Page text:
The Big History Of A Small City In Downeast Maine

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When you visit the islands that comprise Eastport, the easternmost point of the mainland United States, you’re setting foot on a place rich in history – its first European settlement, in fact, even predates Jamestown by 3 years.

The indigenous Passamaquoddy tribe have called the area home for at least 10,000 years, and some archaeologists peg the figure at closer to 20,000 years. Europeans first showed up on these shores in the person of French explorer Samuel de Champlain, who in 1604 founded St. Croix Island settlement of Acadia. Today, the site sits near Calais.

Those early explorers did not have an easy time. Champlain’s group had to endure a hard winter with no fresh water and diminishing supplies. Reports indicate 40 percent of the men died of scurvy. The survivors moved on to Port Royal, in present-day Nova Scotia.

The area was much explored by traders and fisherman throughout the rest of the 1600s and much of the 1700s, but the next major settlement to be founded in the area was set on Moose Island in 1772 by James Cochrane of Newburyport, Massachusetts. It was, naturally, a fishing port, with residents following Cochrane from Newburyport and relocating from Portsmouth, New Hampshire.

The settlement thrived over the next quarter of a century. On February 24, 1798, the Massachusetts General Court incorporated Eastport, as a town, from Plantation Number 8 PS, the name naturally deriving from the fact that Eastport was the U.S.’ easternmost point. It wasn’t until June 21, 1811, that the town of Lubec on the mainland was set aside as its own municipality.

The early 1800s were quite a time for the young city. From 1807 to 1809, the area was the site of extensive smuggling, a direct result of President Thomas Jefferson’s Embargo Act. That prompted the U.S. to build Fort Sullivan atop a hill in 1809 – which the British then took on July 11, 1814, during the War of 1812 by a fleet under the command of Sir Thomas Hardy.

After the war, England wanted to keep control of the island, asserting that it was on their side of the international border established in 1783. That didn’t last long, as control of the island was returned to the United States in 1818. Still, border disputes between the U.S. and Canada continued to plague the area, until finally, in 1842, the Webster-Ashburton Treaty settled the issue.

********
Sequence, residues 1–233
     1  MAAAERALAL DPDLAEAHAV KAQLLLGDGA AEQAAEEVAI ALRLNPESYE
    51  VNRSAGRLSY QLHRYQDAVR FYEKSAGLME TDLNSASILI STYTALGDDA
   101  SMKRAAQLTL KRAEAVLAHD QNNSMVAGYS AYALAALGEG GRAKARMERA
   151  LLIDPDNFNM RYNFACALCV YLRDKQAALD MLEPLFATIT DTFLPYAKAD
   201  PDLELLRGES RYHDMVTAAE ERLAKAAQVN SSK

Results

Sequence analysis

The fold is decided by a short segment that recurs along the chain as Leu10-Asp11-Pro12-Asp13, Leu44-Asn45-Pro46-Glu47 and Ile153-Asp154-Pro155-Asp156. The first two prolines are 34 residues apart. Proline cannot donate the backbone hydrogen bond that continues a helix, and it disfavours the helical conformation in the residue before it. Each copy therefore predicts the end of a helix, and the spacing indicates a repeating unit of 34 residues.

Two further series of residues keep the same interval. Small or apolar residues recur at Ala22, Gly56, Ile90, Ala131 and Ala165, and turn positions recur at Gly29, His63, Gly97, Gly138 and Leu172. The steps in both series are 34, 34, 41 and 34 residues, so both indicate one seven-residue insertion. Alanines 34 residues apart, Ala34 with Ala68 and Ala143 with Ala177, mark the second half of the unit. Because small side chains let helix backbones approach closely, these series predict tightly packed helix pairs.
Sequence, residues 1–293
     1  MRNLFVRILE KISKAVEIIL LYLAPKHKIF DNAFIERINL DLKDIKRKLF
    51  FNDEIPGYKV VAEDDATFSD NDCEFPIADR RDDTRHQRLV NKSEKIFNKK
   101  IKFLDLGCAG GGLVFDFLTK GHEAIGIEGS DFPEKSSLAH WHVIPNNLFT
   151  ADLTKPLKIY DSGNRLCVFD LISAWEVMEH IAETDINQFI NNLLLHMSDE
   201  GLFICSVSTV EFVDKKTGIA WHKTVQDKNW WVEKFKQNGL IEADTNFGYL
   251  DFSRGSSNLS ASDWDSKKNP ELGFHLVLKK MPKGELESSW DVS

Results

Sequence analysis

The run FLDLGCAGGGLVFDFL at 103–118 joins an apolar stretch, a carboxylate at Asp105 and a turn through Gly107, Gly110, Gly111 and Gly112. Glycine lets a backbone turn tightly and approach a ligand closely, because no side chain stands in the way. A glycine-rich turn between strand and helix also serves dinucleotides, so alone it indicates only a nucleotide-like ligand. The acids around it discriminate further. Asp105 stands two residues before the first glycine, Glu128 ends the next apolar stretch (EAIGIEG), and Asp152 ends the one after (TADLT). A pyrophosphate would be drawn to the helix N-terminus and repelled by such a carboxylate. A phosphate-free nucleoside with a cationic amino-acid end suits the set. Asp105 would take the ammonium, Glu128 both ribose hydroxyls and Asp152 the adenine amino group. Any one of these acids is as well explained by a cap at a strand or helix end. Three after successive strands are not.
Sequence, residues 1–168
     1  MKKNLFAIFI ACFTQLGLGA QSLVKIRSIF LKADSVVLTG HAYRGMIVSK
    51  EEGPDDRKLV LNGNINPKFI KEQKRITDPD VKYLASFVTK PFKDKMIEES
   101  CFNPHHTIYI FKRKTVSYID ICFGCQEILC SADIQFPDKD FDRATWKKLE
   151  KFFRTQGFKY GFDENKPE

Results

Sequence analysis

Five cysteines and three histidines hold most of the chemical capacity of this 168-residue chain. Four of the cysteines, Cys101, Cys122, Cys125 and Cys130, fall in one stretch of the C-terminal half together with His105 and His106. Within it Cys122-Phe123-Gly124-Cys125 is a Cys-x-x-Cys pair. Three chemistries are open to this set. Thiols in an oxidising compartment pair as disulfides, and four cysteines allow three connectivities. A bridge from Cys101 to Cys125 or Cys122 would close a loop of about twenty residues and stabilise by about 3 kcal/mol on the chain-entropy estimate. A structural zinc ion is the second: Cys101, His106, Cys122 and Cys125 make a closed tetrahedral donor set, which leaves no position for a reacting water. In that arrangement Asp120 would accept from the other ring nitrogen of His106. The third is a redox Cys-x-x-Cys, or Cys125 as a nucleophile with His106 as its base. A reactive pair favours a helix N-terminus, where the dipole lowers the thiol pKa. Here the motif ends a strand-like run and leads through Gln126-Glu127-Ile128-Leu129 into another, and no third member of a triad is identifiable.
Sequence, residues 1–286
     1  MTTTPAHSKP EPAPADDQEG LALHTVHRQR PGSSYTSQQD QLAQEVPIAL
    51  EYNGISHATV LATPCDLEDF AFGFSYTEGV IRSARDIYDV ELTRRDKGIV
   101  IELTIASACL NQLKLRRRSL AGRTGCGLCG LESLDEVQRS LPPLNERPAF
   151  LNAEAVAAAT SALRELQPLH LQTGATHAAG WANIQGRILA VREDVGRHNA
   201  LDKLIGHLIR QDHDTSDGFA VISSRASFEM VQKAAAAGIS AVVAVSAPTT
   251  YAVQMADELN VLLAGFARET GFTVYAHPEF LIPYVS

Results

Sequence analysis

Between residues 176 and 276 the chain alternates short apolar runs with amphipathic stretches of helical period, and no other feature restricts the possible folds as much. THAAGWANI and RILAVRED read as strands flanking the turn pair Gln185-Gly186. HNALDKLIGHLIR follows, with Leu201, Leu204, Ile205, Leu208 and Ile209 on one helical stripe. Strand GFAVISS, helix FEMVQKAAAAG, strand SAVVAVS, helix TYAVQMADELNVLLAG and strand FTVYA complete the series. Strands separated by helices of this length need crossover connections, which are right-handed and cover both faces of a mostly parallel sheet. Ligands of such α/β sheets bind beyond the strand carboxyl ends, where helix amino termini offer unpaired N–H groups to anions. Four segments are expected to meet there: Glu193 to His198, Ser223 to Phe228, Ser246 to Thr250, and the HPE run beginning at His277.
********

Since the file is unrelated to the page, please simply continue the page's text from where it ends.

Things finally settled down for the area. Farms grew that produced hay and potatoes. But it was the sea that was the lifeblood of Eastport. The town’s large harbor features tides of about 25 feet – and most importantly for the town, it remained ice-free all year. Sardine fishing became a huge industry with the development of canning factories; by 1886, no fewer than 13 factories dotted the landscape, each operating long hours during the fishing season, and in total about 5,000 cases were produced every week.

The town grew so much, in fact, that it was incorporated as a city on March 18, 1893.

The turn of the century and the first part of the 1900s would not prove kind to Eastport. The sardine industry declined, and many were forced to move away. It became so bad that the city went bankrupt in 1937. Yet Eastport survived – there were always more fish to be caught, and it still had that ice-free harbor. In 1976, the Groundhog Day Gale did massive damage to the waterfront – and still the city survived, thanks not only to fishing, but to a new industry that has become a strong pillar of the area: tourism.

Today, Eastport, like many areas on the east coast of the U.S., is as much about tourism as it is anything else, including fishing. July 4 celebrations draw thousands – and a U.S. Navy vessel – every year. There’s also the annual Maine Salmon Festival every September, and numerous other events throughout the year.

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